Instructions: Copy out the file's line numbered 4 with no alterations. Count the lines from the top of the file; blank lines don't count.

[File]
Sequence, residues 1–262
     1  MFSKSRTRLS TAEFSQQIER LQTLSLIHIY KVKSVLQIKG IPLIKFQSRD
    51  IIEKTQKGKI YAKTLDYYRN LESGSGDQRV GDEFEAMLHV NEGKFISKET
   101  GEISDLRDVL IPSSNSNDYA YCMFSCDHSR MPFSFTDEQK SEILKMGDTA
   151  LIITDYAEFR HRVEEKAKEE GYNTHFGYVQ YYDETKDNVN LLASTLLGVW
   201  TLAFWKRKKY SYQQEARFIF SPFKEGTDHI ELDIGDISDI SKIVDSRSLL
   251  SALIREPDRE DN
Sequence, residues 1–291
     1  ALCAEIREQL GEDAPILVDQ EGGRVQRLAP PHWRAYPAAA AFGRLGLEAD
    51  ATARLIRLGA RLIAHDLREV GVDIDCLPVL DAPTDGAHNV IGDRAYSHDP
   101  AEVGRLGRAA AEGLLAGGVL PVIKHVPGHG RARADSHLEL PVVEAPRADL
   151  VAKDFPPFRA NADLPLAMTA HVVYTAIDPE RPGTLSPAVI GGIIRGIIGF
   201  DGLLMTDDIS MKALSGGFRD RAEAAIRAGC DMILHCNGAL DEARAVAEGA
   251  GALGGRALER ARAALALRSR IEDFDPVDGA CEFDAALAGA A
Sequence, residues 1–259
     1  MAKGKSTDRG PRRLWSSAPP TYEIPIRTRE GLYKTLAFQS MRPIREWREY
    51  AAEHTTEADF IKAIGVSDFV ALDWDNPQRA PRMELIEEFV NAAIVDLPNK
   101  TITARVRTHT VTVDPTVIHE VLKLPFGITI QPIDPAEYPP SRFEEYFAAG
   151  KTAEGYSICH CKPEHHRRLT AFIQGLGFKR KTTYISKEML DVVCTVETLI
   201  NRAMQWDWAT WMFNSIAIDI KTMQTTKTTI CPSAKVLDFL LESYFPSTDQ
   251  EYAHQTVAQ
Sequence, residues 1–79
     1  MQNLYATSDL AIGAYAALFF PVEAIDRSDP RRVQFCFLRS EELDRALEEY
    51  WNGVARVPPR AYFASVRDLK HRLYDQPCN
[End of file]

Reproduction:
   101  GEISDLRDVL IPSSNSNDYA YCMFSCDHSR MPFSFTDEQK SEILKMGDTA